As Mormon Rivals draws to a close, Canham and Burr look at the scions of the Romney and Huntsman clans, evaluating how the next generation has participated in their fathers’ political lives and whether a second generation of rivalry might continue the rivalry. Whether Abby Huntsman and Josh (or Tagg) Romney will enter politics, though, remains an open question, and the book closes with an eye on the future. ...more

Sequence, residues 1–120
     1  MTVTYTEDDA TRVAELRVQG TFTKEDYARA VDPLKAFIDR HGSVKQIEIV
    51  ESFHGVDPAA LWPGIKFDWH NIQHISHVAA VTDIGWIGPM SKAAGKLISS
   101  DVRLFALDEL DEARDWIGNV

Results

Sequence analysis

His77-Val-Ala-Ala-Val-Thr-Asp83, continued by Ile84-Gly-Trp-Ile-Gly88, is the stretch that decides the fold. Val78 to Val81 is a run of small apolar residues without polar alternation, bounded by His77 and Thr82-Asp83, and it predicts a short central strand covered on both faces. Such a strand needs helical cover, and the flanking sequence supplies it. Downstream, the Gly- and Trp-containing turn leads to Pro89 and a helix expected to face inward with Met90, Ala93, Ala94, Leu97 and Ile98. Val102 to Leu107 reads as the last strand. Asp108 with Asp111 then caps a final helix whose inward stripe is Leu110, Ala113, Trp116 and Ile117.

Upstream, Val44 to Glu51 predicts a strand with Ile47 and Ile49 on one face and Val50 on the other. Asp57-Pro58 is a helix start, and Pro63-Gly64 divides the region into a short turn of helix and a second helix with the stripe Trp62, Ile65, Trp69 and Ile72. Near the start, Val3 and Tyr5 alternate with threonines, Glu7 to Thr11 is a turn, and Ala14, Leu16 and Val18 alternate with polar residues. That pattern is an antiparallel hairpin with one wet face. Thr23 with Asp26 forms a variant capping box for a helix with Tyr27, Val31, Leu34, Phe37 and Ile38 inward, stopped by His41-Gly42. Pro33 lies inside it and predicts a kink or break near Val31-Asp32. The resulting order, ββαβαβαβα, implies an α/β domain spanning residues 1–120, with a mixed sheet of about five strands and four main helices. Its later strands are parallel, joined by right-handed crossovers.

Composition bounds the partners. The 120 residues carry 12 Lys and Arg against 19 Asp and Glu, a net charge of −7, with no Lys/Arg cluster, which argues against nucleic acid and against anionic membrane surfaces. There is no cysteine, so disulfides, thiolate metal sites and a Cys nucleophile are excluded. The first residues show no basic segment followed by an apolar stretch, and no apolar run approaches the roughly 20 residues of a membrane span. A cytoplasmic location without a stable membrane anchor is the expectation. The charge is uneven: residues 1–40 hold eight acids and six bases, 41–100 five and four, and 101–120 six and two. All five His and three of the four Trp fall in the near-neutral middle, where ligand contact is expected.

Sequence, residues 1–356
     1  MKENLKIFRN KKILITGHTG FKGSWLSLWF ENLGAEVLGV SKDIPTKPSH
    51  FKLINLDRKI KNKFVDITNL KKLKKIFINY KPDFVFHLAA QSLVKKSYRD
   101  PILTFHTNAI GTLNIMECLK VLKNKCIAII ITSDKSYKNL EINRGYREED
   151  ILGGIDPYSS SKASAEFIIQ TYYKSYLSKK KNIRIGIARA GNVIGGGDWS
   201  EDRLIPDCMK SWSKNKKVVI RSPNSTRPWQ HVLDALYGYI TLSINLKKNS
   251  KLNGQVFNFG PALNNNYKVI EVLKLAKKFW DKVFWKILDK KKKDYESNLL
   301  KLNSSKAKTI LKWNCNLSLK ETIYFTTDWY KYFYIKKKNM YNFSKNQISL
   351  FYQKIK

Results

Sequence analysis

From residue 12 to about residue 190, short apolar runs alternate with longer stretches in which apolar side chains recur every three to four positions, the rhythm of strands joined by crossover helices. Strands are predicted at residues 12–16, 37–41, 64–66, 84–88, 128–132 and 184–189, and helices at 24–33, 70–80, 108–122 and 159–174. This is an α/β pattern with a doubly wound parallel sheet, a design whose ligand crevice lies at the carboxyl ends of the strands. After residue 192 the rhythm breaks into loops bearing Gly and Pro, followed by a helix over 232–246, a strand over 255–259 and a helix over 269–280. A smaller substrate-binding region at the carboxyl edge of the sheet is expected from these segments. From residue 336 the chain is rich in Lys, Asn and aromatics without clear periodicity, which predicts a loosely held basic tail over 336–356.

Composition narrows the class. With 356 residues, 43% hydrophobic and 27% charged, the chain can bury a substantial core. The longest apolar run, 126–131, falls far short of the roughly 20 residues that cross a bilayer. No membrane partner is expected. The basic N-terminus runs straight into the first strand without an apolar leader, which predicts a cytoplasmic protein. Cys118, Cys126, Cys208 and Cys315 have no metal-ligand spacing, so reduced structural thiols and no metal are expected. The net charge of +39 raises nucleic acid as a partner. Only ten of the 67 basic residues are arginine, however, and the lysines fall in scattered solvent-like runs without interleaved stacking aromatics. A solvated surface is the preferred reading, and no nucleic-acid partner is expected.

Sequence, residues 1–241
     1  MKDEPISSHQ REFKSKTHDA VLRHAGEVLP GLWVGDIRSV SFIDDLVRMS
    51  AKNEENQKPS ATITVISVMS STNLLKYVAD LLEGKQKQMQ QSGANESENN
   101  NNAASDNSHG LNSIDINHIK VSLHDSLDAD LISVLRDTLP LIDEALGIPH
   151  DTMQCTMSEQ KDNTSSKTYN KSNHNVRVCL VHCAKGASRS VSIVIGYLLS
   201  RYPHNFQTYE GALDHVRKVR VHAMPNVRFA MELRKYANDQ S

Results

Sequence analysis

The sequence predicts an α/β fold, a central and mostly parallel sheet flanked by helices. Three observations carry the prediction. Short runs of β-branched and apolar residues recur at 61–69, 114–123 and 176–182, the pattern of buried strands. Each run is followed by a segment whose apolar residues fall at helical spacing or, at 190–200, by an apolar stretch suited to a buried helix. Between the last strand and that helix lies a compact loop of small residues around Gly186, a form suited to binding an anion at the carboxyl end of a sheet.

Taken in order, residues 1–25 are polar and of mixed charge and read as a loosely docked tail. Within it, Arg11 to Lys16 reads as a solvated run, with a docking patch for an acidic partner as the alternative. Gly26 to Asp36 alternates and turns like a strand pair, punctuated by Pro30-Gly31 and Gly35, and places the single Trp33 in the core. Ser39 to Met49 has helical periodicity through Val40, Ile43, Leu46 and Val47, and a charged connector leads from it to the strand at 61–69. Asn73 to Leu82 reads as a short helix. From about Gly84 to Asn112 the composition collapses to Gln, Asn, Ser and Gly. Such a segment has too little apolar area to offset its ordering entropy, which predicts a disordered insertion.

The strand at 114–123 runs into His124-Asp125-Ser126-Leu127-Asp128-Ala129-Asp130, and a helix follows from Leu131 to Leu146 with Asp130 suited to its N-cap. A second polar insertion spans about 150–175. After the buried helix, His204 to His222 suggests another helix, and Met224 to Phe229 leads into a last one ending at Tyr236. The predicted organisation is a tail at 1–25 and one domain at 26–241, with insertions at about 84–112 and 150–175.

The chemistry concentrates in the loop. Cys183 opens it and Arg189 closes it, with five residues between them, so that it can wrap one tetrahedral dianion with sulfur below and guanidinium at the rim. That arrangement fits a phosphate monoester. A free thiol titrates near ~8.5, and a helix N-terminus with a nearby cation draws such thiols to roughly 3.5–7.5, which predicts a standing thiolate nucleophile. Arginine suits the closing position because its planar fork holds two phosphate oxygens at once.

After reading American Sniper: The Autobiography of the Most Lethal Sniper in U.S. Military History, there’s no doubt in my mind that former U.S. NavyAfter reading American Sniper: The Autobiography of the Most Lethal Sniper in U.S. Military History, there’s no doubt in my mind that former U.S. Navy SEAL Chris Kyle is patriot. Beyond that, though, my feelings about the former soldier are less clear. To hear Kyle tell it in his memoir, he has all the ingredients of a patriotic American: love for country, God and family—and probably in that order, too. But the more I read Kyle’s story, the more complex he becomes. Reading American Sniper, it’s obvious why Hollywood was able to make the memoir into a blockbuster movie. In addition to being the most effective sniper in US military history, Kyle has a talent for making already exciting stories about his time on the battlefield even more gripping. Kyle fought in some of the deadliest battles of the war in Iraq, from Fallujah to Ramadi. If even half of the stories he tells actually happened, he’s already done more than any big screen action hero can pretend to do. Kyle has a combination of skills, temperament, and character that made him deadly to his enemies, but also left me equivocal about the impact of war on American soldiers. Even as a fabulist, Kyle’s story as a soldier is a fascinating perspective from the front lines of American foreign policy. Further, because so many have seen the movie based on his book, his memoir could have significant impact on how Americans view the war in Iraq, for better or for worse. It’s that impact that has elicited response from across the celebrity spectrum, both in support and opposition to the movie. As another soldier wrote, though, Kyle’s perspective of the war in Iraq is just that: a perspective. It isn’t a definitive analysis of the war, why we went, and whether we should have been there. It’s one man’s experience in war-time. That said, the perspective is valuable and with such a small percentage of Americans signing up to serve in uniform, it’s a perspective that the rest of voting America might consider. Throughout American Sniper, Kyle seems to struggle with polar aspects of his nature. On one hand, he is driven by a need to be heroic, acting on a sense of invincibility and taking a devil-may-care approach to danger. On the other hand, he truly believes that his cause is just, wants to protect his fellow soldiers, and return home to be a considerate father. It was a struggle that his baser instincts seemed all too often to win. Taya, Kyle’s wife, whose commentary is interspersed throughout American Sniper, tells Kyle that if he reenlists, he would be choosing the SEAL lifestyle over her and their family. Kyle acknowledges it. And then chooses the war and his fellow soldiers, anyway, heading back to Iraq to fight in Ramadi. Returning home after his deployments was a trial and a hell for those around him, as well as for Kyle, too. And yet, Kyle says, multiple times, that he liked being a sniper and he liked killing the enemy. He considered them to be savages. Killing a man is not, and should not be, an easy thing, and Kyle’s story demonstrates in high relief the conditioning through which soldiers must pass effective warriors. It changes them and the experience of becoming effective killers, necessary for war, continues to impact them even when they return home. I’ve never served in the armed forces, but if I ever did, I hope the soldier fighting next to me is as effective as Kyle. Not only did he cover fellow soldiers under fire, he carried them out, too, protected them, led them, and brought them to safety. But if the effects of war on the people who must fight it have ever been unclear, American Sniper paints a disturbing picture. The war is hard on Kyle, physically and psychologically, as well as on his family. His body gradually breaks down over four tours of duty. At home between deployments he struggled with road rage and night terrors. After he retired from the service, Kyle sank into depression, alcohol, and pain. Multiply that by every veteran who was in combat in Iraq and Afghanistan. Relatively speaking, Kyle might be considered lucky. Rather than succumb to the death spiral of alcohol and depression, a near-death car accident leaves Kyle shaken and resolved to change. He decides to give back and starts an organization to help vets recover from PTSD. Ironically, it was in this cause that Kyle died, shot to death by a veteran suffering from PTSD. From Seth Rogan to Bill O’Reilly, Michael Moore to Sarah Palin, it seems like everyone has an opinion on Kyle. To some he is a hero; to others, he is a cold-blooded killer. The truth is likely somewhere in the middle. But that’s the nature of war, isn’t it? It’s not always clear-cut, and the demands we make on our men and women to kill or be killed changes them forever. If we’re going to support our troops, adjust our thinking about war, then understanding Kyle’s experience, as well as the experiences of so many others that serve, American Sniper is a helpful perspective....more